A question that I get asked sometimes is, “What is the best metric for measuring Customer Satisfaction in a Contact Centre? Is it NPS (Net Promoter Score), Customer Effort Score or CSAT (Customer Satisfaction)?”
And the answer that I always give is, it doesn’t matter which metric you use; but how you use it.
If you use the Net Promoter Score (the number of customers that would recommend your company minus the ones that wouldn’t) or Customer Effort Score (the score your customers give to how easy it is to do business with you), you’ll get a metric that reflects the end-to-end experience of the customer with the entire company. I like the second one better by the way.
On the other hand, if you use the Customer Satisfaction Score, you will get a more targeted view on how the Contact Centre is performing.
Regardless of which one you choose, the measure should become the compass for the team, that is, the number that tells the team if they are doing well, or if they have opportunity to improve.
Where everything goes wrong…
In my view, the problem occurs when metrics are used to assess the individual performance of the people in the team.
Customer demand of service organisations today is totally unpredictable; which means that individual agents can’t chose the nature of the next call they receive. Therefore, having any kind of individual assessment is completely unfair with the people working in those contact centres; and would have a detrimental effect on the culture of the team.
Some companies, in my view, also make the mistake of setting a team target for metrics or even worse, set individual targets to reward or penalise their agents.
If you set people individual targets and rewards to achieve an increase in Customer Satisfaction, you will find that people start “cheating” the system to achieve their individual target.
As Deming said: “Numerical goals set for other people, without a roadmap to reach the goal, have effects opposite to the effects sought”.
Let the team own it
Instead, flip that around and let the team own the metric and target. Form a group that represents the entire team and let them own the program. The team can agree on a team target for each month. You’ll find that when you let them set their own target, it will probably be higher than the one you were thinking.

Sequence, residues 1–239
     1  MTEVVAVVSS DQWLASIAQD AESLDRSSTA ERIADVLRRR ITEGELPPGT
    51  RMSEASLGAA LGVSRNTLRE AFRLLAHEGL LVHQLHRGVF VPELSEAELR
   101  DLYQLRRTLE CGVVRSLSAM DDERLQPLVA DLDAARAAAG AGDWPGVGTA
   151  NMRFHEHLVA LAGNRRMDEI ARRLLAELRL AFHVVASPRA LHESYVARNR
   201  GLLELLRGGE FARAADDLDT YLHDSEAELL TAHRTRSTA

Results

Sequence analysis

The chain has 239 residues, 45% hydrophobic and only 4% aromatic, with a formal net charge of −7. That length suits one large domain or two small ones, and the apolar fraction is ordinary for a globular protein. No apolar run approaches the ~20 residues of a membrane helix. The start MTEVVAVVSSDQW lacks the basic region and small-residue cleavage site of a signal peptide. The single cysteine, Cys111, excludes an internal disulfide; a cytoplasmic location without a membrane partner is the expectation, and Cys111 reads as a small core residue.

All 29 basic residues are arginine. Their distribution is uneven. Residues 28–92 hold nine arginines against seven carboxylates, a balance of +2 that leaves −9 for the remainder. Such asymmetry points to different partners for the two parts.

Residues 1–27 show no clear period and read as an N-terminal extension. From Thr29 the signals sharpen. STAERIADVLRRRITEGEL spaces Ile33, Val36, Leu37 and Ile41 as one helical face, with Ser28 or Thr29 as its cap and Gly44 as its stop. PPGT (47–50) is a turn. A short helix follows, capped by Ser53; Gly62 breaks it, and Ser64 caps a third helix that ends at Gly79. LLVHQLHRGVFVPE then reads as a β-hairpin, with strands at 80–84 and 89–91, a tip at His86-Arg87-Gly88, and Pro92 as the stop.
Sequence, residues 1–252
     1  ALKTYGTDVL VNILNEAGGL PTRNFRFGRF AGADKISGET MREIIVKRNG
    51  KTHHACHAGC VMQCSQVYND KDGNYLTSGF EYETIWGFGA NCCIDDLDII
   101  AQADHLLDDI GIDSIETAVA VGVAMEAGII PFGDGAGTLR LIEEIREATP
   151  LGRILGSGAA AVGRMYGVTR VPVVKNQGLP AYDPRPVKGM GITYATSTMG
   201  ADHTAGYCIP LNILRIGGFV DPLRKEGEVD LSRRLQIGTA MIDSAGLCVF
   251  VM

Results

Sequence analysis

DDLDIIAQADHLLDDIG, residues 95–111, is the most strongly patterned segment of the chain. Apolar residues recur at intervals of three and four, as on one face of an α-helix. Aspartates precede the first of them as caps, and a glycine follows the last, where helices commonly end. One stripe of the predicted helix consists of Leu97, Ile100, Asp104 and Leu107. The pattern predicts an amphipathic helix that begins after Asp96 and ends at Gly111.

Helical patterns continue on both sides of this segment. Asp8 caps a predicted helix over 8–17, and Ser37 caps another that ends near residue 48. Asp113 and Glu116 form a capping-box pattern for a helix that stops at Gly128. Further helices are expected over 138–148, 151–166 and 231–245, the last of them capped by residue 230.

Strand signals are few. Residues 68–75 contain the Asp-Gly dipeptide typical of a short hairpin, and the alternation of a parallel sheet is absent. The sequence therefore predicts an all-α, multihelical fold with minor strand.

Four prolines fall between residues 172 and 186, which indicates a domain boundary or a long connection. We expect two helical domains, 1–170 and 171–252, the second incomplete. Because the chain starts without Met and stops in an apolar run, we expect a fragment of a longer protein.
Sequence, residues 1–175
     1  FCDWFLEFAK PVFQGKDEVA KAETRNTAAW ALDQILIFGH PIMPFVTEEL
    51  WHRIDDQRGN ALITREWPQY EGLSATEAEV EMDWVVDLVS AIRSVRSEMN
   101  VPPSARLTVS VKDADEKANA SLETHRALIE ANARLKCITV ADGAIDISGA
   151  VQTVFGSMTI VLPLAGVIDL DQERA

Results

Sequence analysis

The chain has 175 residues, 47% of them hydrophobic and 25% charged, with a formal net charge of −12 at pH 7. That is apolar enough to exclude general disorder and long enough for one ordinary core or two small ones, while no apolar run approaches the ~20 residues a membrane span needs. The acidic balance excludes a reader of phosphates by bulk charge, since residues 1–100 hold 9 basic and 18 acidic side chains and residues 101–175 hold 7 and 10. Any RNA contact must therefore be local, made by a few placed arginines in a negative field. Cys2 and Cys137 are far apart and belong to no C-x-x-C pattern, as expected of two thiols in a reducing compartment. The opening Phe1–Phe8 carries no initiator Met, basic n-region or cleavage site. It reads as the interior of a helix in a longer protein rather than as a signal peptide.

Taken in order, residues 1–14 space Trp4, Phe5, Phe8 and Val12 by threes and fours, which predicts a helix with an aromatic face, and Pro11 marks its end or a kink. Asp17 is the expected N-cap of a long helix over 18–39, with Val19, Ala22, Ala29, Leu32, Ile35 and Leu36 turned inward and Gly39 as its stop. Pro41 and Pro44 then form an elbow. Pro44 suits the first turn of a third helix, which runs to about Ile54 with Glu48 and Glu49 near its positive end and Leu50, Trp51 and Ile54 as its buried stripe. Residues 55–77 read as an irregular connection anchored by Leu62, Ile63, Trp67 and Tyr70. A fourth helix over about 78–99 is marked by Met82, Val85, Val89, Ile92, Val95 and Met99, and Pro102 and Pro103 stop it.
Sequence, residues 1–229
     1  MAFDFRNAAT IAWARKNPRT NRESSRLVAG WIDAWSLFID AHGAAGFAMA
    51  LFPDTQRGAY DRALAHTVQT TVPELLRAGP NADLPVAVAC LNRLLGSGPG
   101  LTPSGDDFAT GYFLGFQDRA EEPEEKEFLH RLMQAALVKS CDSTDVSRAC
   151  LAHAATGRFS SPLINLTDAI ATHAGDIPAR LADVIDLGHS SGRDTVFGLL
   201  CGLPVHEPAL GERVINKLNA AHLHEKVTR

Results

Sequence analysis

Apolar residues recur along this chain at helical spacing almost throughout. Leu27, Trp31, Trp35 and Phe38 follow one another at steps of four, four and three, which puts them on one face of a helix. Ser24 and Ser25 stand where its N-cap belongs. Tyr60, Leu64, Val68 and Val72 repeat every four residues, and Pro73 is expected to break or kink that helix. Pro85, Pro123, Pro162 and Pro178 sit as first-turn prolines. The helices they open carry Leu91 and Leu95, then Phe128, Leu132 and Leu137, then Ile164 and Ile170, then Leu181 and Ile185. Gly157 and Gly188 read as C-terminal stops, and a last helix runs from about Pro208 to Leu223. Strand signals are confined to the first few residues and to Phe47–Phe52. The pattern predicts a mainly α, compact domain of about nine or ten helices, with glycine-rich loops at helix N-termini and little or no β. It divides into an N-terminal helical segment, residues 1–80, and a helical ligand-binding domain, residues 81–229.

If you have budget for a Reward and Recognition Program, allocate some of your budget to reward the entire team if the target they set themselves is achieved. Furthermore, give them the freedom to choose how they want to spend it.
That way, instead of being a measure or a program that the team sees as a controlling methodology by managers; it becomes an empowering and engaging experience for everyone working in the Contact Centre.
Look at it form a different point of view...
The Customer Satisfaction of your Contact centre will improve as a result of all the strategies you put in place: how well you understand customer demand, how are you working with the company to eliminate failure demand, how you improve the system of work, how the team feel empowered to take decisions, etc…If you do all of these things, customer satisfaction by any measure will go up and, importantly, be sustained.
In other words, don’t use the metric to drive improvement. Set a culture of continuous improvement and see how the metric goes up.
So…will implementing NPS or other type of Customer Satisfaction metric improve the performance of your Contact Centre? The answer is NO. It is a key tool to get real time customer feedback on how your transformation strategies are tracking, but it can have a detrimental effect if used in the wrong way.